**On the equation ***x*^{2} + *y*^{3}
= *z*^{7}

This equation is a close cousin of the Fermat equation
*x*^{n} + *y*^{n}
= *z*^{n}. As for the Fermat equation, one is
interested in determining all *primitive nontrivial integral solutions*.
Here *nontrivial* means that none of the variables vanishes and
*primitive* means that *x*, *y* and *z* have no common
prime divisor.

By a general result on generalized Fermat equations, one knows that there exist
only finitely many of these solutions. Five such solutions are known;
some of them are pretty large, for example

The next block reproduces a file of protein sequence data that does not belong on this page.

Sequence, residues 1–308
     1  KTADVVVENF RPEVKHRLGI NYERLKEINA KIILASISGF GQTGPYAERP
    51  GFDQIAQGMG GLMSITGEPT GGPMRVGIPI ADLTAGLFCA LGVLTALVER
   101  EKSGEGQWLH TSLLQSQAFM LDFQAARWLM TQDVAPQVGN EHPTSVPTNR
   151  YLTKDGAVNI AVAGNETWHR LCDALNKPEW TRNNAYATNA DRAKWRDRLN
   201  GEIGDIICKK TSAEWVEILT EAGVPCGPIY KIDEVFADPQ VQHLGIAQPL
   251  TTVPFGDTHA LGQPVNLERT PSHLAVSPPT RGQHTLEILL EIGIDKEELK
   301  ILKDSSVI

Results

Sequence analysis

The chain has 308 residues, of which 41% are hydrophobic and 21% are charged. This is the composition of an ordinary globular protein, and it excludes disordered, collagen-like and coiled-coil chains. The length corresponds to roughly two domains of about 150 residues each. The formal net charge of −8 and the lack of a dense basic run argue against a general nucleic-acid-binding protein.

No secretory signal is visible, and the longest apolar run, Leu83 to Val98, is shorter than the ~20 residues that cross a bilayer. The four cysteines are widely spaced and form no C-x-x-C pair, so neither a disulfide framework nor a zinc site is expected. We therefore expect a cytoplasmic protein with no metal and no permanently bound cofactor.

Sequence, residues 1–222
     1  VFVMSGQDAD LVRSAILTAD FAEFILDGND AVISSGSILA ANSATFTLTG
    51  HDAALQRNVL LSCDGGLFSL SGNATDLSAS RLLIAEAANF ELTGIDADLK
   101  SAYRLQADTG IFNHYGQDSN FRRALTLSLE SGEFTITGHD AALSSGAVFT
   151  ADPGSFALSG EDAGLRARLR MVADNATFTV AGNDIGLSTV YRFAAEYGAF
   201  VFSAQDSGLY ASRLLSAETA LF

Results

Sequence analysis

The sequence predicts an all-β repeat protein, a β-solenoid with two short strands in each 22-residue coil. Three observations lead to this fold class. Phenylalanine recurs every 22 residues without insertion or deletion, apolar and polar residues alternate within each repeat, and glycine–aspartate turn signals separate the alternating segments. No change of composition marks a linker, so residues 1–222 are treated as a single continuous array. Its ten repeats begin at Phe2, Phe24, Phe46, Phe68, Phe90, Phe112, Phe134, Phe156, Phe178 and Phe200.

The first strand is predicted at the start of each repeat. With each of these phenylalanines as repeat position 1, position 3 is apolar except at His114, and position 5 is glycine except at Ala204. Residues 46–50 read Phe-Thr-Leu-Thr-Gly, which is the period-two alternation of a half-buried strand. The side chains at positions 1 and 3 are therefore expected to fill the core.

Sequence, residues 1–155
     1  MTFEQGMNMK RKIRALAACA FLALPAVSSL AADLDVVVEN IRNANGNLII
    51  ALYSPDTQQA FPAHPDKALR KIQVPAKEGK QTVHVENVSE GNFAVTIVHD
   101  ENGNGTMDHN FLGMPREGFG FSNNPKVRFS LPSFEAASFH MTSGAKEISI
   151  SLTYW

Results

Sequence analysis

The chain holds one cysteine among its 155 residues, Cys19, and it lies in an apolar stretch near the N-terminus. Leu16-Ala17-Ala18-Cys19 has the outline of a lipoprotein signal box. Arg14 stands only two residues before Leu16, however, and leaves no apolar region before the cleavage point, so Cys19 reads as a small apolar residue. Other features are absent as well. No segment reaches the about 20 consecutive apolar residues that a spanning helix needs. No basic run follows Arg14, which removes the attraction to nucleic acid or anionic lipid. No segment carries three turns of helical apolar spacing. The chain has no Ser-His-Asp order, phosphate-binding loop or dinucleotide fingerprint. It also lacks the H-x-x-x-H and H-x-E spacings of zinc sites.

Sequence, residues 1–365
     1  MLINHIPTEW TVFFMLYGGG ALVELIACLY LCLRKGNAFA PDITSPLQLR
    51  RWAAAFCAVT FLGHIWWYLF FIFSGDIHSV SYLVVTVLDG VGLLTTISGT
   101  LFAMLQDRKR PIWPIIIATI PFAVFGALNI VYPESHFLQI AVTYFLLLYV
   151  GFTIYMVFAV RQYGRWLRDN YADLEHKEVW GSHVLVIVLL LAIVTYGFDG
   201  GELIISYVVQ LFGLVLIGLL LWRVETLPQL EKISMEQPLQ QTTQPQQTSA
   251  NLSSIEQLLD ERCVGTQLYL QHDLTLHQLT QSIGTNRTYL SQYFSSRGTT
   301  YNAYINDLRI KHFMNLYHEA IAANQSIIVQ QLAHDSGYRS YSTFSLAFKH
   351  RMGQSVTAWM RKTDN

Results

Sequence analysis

15 312 283^{2} + 9 262^{3} = 113^{7}.
The ultimate goal of the project I will be talking about (undertaken
jointly with **Bjorn Poonen** (UC Berkeley) and **Ed Schaefer**
(University of Santa Clara)) is to prove that there are no more than
these five solutions.
In the talk I will explain our approach to this problem, which involves
reducing it to determining the set of rational points on some curves
of genus 3.
*Michael Stoll*